Frustration turned to anger, violence and self-harm. Living in “placements” from the age of 15 that were supposed to keep her safe, she believes now, only added to her misery and confusion.

As a child and young adult, Msumba says she had been “terrified” of doing anything outside of what she was told or expected to do – or believed she was expected to do. “So, I limited myself – and I suppose I was limited by people around me as well, assuming what I could handle and what I couldn’t.”
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Msumba’s original music

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The autism diagnosis helped lay the groundwork for self-actualization – that, says Msumba, and time passing. Realizing she was getting older, she recalls that, “For whatever reason, one day I realized, Jennifer, no. I realized God gave me things – and I realized I wasn’t going to ever use them unless I allowed myself to go outside of the boundaries that have been set upon me.” 

Msumba says that she found herself suddenly “exploding with all these things coming from my heart and my mind that I wanted to do, that I want to share” – and she wanted to show people what she had been “holding in.” “I just started taking chances. And it was like a liberation for me.”
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Msumba takes viewers on her very first theater audition

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Today this liberation includes — on top of vlogging, making films and videos, writing and performing her music, and creating content for social media – her first theater experience as a performer.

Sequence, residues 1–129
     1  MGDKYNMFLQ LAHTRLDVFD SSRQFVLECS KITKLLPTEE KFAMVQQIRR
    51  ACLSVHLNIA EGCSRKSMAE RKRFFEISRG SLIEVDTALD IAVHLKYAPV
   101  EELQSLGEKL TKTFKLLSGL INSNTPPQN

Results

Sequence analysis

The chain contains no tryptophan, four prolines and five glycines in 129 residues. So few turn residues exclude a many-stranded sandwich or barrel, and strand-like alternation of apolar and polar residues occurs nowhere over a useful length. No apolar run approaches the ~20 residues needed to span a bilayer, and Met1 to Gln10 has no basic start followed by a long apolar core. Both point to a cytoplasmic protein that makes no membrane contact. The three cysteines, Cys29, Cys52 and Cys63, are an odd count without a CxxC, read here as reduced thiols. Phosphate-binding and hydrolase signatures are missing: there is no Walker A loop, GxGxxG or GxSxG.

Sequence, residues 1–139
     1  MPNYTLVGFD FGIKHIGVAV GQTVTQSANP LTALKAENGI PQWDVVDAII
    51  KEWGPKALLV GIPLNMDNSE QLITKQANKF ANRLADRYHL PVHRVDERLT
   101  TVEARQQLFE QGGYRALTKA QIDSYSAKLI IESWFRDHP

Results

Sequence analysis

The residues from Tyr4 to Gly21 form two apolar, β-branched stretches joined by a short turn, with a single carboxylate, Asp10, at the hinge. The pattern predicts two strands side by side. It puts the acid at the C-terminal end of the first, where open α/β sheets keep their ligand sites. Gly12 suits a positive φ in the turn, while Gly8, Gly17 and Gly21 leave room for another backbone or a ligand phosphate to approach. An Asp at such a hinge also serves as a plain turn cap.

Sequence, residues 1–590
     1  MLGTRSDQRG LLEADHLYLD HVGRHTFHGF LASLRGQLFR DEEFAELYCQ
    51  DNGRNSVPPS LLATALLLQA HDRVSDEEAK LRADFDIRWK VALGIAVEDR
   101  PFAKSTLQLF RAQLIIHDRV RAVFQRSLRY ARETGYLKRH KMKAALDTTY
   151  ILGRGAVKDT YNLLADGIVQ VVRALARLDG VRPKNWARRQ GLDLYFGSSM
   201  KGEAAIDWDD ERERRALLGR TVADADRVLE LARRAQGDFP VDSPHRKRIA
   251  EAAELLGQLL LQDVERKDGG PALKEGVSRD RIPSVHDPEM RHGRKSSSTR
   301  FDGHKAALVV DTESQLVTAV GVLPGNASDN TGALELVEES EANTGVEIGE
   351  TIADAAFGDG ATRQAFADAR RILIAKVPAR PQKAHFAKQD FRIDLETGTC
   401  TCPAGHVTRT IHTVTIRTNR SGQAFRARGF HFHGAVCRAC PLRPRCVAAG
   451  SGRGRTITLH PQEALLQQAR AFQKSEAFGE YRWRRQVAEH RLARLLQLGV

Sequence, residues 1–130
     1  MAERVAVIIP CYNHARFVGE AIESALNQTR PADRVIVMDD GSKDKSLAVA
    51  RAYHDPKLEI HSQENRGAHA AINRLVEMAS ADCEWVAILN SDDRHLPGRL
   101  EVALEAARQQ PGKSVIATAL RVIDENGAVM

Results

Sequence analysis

“I just tried out for my first play, a musical – and never been on a theater stage before, but my friends were like, hey Jen, the town is doing a play, want to come try out?  And I’m like, you know why the heck not? And I’m loving it already.”

She also “passed” that courage on to another girl in the play, who she had earlier convinced to take part in an open mic after hearing her sing.

“Actually, her first time onstage was when I convinced her to go to an open mic. She used to come to open mics in town, and she was shaking, like to the side.” The girl told Msumba she was too “scared to go up there.” 

“And I said, well, I’ll go up there with you and I’ll play the ukulele for you and I’ll sit quietly but you can sing – and I’ll be there with you. And she trusted me enough and she did it. And now she is like the number one actress, doing all these plays and musicals – and her mom told me ‘You were the reason she got onstage for the first time.’”
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Msumba’s 2020 Easterseals Disability Film Challenge Entry

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At Studio@620, audiences will get to see three of Msumba’s short films, as well as hear her sing. A Q&A session will be moderated by St Petersburg Film Commissioner Tony Armer, who is a big fan, and helped produce Msumba’s film Like the Girls Who Wear Pink.